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THE SHOCK DOCTRINE by Naomi Klein Kirkus Star

THE SHOCK DOCTRINE

The Rise of Disaster Capitalism

By Naomi Klein

Pub Date: Sept. 18th, 2007
ISBN: 978-0-8050-7983-8
Publisher: Metropolitan/Henry Holt

Klein (Fences and Windows: Dispatches from the Front Lines of the Globalization Debate, 2002, etc.) tracks the forced imposition of economic privatization, rife with multinational corporate parasites, on areas and nations weakened by war, civil strife or natural disasters.

The author follows John Perkins (Confessions of an Economic Hit Man, 2004) and others in pointing an alarmed finger at a global “corporatocracy” that combines the worst features of big business and small government. The difference is that Klein’s book incorporates an amount of due diligence, logical structure and statistical evidence that others lack. As a result, she is persuasive when she links past and present events, including the war in Iraq and trashing of its economy, to the systematic march of laissez-faire capitalism and the downsizing of the public sector as both a worldview and a political methodology. Klein fully establishes the influence of U.S. economist Milton Friedman, who died in November 2006, as champion of the free-market transformations that occurred initially in South America, where Friedmanite minions trained at the University of Chicago in the 1960s worked their wiles on behalf of some of the 20th century’s most repressive regimes. On to China’s Tiananmen Square, then to the collapsed Soviet Union, where oligarchs soared and the underclass was left to starve in the 1990s. More recent developments include forcing private development on the tsunami-ravaged beachfronts of South Asia and junking the public-school system in favor of private charter schools in post-Katrina New Orleans. Just as provocative is Klein’s analysis of the Bush administration’s rampant outsourcing of U.S. government responsibilities, including the entire “homeland security industry,” to no-bid corporate contractors and their expense-laden chains of subcontractors. Her account of that methodology’s consequences in Iraq, as mass unemployment coincided with the disbanding of a standing army whose soldiers took their guns home, leaves little doubt as to why there is an enduring insurgency.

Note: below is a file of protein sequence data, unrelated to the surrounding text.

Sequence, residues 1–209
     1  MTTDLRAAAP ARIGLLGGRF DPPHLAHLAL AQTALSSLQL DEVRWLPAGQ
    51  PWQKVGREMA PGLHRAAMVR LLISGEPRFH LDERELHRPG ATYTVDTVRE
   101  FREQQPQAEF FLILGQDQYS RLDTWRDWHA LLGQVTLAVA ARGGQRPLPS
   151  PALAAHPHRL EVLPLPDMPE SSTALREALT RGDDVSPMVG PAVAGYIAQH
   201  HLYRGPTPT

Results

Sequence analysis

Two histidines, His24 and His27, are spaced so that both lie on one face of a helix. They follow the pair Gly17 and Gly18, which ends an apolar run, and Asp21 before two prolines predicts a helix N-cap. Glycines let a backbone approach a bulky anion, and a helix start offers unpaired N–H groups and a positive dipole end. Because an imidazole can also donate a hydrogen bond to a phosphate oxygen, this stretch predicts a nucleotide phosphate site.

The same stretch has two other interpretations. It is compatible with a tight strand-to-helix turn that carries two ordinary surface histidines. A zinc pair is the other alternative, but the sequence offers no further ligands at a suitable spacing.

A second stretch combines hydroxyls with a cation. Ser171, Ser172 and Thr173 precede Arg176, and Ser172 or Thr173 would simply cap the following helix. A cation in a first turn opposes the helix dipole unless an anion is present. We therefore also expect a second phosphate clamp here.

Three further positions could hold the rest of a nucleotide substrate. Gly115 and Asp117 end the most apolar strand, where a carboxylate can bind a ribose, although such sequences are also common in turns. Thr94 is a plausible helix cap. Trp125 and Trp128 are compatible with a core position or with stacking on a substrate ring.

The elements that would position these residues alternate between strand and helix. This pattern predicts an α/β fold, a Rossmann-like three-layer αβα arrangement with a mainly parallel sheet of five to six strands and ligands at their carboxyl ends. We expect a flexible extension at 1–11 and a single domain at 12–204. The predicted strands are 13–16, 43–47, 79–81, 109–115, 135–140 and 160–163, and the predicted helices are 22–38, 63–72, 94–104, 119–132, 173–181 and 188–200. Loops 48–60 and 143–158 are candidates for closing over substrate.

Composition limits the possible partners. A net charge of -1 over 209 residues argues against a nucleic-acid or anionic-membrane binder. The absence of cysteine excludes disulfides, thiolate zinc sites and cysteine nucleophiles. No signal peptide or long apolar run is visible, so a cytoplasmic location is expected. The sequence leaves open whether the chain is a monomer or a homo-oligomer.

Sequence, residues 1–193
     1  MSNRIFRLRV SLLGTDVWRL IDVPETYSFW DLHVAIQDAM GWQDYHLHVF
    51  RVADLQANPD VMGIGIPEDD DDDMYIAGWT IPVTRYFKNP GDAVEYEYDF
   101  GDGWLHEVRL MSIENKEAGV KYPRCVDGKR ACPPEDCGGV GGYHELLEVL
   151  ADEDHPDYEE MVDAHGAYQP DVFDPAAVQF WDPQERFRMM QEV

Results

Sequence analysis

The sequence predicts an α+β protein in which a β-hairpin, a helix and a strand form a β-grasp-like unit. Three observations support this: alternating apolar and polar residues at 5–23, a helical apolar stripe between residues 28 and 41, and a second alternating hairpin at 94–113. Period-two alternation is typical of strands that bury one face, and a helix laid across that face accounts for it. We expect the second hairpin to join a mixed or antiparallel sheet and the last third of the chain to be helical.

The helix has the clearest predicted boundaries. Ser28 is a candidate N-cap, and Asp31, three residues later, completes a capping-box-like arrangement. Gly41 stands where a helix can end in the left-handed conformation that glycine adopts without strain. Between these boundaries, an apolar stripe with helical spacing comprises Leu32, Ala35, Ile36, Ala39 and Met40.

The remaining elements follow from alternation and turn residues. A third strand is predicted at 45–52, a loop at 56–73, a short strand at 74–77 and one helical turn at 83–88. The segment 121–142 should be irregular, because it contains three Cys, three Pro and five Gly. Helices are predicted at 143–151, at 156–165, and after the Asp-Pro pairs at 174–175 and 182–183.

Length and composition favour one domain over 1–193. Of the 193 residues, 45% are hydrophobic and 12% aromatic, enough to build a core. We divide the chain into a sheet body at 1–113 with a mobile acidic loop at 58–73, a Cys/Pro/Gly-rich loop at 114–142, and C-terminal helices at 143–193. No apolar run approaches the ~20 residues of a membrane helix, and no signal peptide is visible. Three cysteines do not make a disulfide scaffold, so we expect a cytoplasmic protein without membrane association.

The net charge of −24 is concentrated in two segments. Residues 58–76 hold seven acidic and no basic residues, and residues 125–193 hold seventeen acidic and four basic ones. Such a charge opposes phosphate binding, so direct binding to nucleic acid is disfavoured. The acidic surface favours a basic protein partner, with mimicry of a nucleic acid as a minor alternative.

Required reading for anyone trying to pierce the complexities of globalization.